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Down to the river we’d ride . . Trails and tracks

18 Oct

Bike Ride to Alston (23)Sunday, and it’s a great day to be alive. I skip breakfast and drive a few miles to Haltwhistle. Disappointingly, the name has nothing to do with railways and everything to being a hill at the conflux of two rivers. Equally, Fourstones has nothing to do with Jagger and crew, although I guess originally there were five of them…

Anyway, the plan for the day is to cycle down to Alston for late breakfast on the Pennine Trail and then cycle back on the South Tyneside Trail by the river.

Bike Ride to Alston (5)And it’s spectacular. Most of the route is on converted railway tracks – little tree lined avenues of trees transformed into their Autumn colours. I pass the occasional hiker and dog walker, but the trail is pretty much deserted.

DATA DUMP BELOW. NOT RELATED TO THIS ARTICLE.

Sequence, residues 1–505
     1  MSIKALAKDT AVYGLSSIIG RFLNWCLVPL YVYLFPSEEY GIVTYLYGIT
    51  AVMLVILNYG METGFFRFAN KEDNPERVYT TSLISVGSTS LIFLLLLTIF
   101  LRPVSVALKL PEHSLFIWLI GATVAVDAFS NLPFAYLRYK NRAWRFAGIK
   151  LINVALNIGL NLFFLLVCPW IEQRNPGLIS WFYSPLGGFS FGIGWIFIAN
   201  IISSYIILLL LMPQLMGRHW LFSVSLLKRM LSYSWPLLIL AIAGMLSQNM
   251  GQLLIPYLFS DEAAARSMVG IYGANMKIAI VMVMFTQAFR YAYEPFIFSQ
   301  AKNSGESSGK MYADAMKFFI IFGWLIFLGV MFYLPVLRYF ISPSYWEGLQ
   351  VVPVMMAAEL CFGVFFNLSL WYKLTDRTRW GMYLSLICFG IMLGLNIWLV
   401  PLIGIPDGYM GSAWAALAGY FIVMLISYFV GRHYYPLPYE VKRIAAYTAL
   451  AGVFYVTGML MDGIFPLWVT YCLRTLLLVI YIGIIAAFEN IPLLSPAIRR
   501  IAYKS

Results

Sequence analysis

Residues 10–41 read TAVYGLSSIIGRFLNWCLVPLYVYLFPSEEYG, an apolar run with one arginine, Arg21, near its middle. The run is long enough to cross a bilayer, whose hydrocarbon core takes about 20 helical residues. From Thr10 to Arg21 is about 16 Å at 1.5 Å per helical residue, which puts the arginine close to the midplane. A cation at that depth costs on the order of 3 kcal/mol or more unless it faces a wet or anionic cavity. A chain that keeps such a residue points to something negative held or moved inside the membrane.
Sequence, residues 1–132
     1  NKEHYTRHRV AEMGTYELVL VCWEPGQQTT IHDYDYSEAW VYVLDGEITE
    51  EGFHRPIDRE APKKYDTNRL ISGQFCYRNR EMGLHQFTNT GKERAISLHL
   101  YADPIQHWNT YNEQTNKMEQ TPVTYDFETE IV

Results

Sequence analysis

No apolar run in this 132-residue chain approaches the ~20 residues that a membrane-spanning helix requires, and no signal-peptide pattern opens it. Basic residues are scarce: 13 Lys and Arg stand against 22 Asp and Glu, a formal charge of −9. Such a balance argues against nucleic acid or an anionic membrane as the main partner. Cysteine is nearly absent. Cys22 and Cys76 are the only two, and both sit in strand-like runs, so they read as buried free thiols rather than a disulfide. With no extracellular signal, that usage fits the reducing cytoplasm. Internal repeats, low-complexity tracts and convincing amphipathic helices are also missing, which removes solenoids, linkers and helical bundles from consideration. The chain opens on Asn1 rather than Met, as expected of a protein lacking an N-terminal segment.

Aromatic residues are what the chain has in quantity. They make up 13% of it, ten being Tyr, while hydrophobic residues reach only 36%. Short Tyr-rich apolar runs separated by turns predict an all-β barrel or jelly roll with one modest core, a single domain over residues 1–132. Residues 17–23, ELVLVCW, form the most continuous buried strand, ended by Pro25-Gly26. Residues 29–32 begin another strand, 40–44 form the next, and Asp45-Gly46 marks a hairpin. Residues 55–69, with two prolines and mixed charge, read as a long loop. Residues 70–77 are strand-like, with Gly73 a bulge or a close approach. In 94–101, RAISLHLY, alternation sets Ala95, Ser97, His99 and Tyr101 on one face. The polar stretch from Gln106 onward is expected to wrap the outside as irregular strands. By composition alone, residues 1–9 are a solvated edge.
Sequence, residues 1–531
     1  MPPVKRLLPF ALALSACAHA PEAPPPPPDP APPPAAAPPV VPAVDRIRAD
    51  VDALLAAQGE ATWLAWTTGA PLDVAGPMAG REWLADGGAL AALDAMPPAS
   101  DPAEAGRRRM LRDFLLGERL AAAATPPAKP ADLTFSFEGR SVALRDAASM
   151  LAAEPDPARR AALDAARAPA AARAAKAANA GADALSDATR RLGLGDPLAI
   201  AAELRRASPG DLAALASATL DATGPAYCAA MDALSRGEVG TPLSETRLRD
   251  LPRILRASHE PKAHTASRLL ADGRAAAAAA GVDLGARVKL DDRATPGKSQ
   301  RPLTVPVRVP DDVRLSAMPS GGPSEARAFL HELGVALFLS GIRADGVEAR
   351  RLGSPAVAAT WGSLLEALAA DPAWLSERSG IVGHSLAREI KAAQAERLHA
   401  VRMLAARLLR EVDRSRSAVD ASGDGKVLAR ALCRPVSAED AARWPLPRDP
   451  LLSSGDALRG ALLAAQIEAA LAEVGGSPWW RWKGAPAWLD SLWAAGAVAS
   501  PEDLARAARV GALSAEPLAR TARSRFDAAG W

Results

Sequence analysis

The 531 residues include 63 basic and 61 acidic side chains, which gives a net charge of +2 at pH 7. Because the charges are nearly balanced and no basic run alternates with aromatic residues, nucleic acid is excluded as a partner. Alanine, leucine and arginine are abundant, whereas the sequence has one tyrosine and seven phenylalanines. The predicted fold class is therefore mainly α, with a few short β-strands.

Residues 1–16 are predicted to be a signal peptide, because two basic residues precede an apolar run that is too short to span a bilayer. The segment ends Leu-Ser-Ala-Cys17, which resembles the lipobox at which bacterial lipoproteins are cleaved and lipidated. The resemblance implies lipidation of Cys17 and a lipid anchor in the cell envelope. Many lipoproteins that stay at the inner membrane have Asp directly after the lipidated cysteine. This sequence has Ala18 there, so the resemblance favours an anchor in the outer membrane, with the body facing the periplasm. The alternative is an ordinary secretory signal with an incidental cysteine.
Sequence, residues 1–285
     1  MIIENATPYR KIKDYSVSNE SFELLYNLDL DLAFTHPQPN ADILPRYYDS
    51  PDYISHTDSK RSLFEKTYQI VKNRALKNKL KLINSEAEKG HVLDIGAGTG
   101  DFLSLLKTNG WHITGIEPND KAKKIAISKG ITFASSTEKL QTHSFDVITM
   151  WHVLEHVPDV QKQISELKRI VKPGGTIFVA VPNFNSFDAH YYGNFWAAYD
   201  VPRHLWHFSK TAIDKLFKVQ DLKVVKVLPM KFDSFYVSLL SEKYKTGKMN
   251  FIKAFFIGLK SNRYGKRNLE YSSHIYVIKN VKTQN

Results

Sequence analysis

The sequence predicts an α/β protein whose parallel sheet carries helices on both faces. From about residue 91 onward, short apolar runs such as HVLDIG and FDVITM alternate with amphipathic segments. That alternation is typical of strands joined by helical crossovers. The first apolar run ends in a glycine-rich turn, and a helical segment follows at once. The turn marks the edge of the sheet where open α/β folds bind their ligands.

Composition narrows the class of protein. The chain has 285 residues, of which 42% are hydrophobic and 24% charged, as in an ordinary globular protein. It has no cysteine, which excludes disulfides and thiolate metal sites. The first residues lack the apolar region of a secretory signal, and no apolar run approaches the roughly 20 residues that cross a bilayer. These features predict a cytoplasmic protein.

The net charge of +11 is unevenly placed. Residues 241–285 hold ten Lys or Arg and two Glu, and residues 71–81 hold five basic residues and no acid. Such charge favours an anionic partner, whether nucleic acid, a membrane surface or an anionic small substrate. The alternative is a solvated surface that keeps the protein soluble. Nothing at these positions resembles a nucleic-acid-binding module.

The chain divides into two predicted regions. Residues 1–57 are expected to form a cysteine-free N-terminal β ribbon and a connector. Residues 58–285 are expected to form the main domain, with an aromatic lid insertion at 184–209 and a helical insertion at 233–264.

The outbound trail rises and falls – there are steep climbs to tax my muscles while the morning cold continues to gnaw at my fingertips. One moment I am looking down at the Tyne below me – the next I am riding alongside it.

Bike Ride to Alston (7)The trail becomes less direct as I near my destination though – weaving around the hillside as if hesitating to make a final commitment to the descent into Alston. Eventually I drop into the village and climb the steep high street.

Late breakfast is not going to happen in Alston though –  despite being a popular spot for bikers, there is little open to feed them – most of them end up outside the Spar.

But a little shop furnishes me with coffee and a scone, and I am content. And I’ve made it – just – into Cumbria.  I briefly flirt with following the river to its source, about ten miles further upstream, but decide against it.